Updated: Nov. 13, 2023, 10:00 a.m.|
By Joseph Goodman
Jimbo Fisher is out at Texas A&M, which goes to show that even when a school allegedly buys an entire recruiting class it doesn’t even guarantee a winning record in the SEC.
Giving new meaning to desperate money in college football, Texas A&M will be paying Fisher $76 million to go away with two games left on the schedule. It’s an unprecedented level of embarrassment for a university in the Southeastern Conference, so Auburn should no longer feel badly about how things went down with Bryan Harsin.
The Aggies are 6-4 overall and 4-3 in the SEC while Alabama goes into the Iron Bowl in a couple weeks with the final SEC West championship already on ice. Which is to say that, welp, Nick Saban wins again.
Fisher will forever be a memorable footnote in Saban’s career after everything that went down in the spring of 2022. Remember the “Meltdowns in May?” There was a moment in 2022 when Alabama and Texas A&M were going to be the league’s new big rivalry. Stunningly, Fisher didn’t even last two seasons after his public feud with Alabama’s coach.
In honor of Fisher’s last days in the SEC — and Texas A&M’s colossal waste of talent and money — let’s revisit one last time one of the more bizarre moments in SEC football history. Saban was just supposed to promote the Birmingham World Games that night back in May of 2022, but he instead started a war of words with Fisher.
If Fisher ends up coaching the U.S. flag football team in the Olympics, then we’ll know it was all meant to be. At the time, it felt like the biggest scandal in SEC football history was about to erupt.
Saban agreed to promote that summer’s upcoming World Games with a fireside-chat style event at a swanky lounge in Birmingham’s Southside. Easy stuff, right? Wrong.
In the spring of 2022, something called the World Games was the last thing on Saban’s mind. He was furious with Fisher and Texas A&M. This was back when Alabama and Auburn still couldn’t form NIL collectives to pay players because Alabama’s overzealous state legislature had decided to ban them before anyone knew how they would be used in other states.
Never forget that Alabama was extremely eager to prevent college football players from getting paid to play. In the end, though, it handcuffed the recruiting efforts of the state’s own teams.
Suddenly at a disadvantage on the recruiting trail, Saban was so angry with college football’s new economy that he used the event in Birmingham about the World Games to instead publicly accuse Texas A&M of buying the best recruiting class in the country.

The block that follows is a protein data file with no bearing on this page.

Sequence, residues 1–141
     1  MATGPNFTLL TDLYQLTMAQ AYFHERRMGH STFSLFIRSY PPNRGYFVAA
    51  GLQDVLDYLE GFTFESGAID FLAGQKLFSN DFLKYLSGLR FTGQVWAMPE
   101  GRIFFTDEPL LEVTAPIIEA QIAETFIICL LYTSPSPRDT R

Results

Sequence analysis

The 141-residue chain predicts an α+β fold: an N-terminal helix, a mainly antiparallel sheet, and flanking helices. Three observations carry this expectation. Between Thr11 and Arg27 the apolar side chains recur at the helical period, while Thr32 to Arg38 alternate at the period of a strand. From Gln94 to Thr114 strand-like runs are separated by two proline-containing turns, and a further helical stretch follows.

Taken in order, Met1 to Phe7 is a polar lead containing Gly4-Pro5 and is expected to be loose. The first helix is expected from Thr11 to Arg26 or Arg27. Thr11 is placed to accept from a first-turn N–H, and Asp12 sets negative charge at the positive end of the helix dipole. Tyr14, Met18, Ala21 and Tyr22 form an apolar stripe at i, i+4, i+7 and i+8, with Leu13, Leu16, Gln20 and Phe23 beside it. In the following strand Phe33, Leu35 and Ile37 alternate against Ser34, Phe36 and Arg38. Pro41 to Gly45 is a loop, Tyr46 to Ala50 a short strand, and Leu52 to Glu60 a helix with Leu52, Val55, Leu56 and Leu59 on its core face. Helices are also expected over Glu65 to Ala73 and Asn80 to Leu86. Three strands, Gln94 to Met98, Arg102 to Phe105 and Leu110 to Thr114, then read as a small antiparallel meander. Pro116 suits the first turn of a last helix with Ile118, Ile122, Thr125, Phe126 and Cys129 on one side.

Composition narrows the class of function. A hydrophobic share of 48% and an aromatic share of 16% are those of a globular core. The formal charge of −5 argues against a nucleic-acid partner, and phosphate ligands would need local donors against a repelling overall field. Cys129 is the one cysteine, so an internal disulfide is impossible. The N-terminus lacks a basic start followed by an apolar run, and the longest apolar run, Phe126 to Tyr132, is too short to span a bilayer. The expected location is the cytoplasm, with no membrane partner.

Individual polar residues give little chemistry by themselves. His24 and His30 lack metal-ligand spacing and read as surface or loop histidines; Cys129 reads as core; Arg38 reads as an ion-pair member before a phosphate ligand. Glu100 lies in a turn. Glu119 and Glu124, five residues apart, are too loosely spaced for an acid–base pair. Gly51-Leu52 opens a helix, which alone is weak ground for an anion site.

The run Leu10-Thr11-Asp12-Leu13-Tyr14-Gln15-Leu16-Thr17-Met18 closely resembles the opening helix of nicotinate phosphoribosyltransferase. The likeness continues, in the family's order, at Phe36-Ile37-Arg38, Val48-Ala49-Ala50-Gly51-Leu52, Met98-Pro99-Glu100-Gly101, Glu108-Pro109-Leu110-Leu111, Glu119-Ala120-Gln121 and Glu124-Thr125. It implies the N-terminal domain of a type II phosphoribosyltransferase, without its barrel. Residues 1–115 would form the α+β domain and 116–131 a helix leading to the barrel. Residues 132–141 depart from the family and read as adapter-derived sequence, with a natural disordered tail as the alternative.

Saban’s charges against Texas A&M set off a nasty back-and-forth. Fisher reacted by calling a news conference that never should have happened. Among other colorful phrases spoken at the speed of sound, Fisher told reporters to start digging into Saban’s past.
“It’s despicable that a reputable head coach can come out and say this when he doesn’t get his way, or things don’t go his way,” Fisher said. “The narcissist in him doesn’t allow those things to happen. It’s ridiculous. When he’s not on top. And the parity in college football he’s talking about? Go talk to coaches who coached for him. You’ll find all the parity. Go dig in. You can find out anything.”
Fisher couldn’t stop himself. He was huffing mad. On and on he went.
“Some people think they’re God,” Fisher said. “Go dig into how God did his deal. You may find out about a guy a lot of things you don’t want to know.”
It was bombshell stuff. Going into SEC spring meetings, Fisher vs. Saban was the biggest story in college football. The rivalry was going to be bigger than the Iron Bowl. Yeah, no. Despite that No.1 recruiting class, Texas A&M bombed the 2022 season. The Aggies lost six league games in a row. The streak included losses to Mississippi State, South Carolina, a mediocre Florida and an Auburn team being coached by Cadillac Williams.
There are a lot of angles to Texas A&M’s decision to fire Fisher. Let’s start with the money. The Aggies are arguably the wealthiest program in the country, but all that cash couldn’t buy a championship or even deliver a championship contender. I’m relieved by that outcome, if I’m being honest, because maybe it shows that in this new era of NIL it’s not all going to be about buying the highest rated recruits.
In firing Fisher, Texas A&M makes itself vulnerable at a tough time. Rival Texas is joining the league in 2024. A team like Auburn, which fired Harsin this time last year, is now in a much better place moving into an uncertain future for the league. Expect coaches like Freeze to waste no time in pillaging Texas A&M’s roster for top talent.
And, hey, maybe even Saban can grab those recruits out of the transfer portal who once picked the Aggies over the Crimson Tide.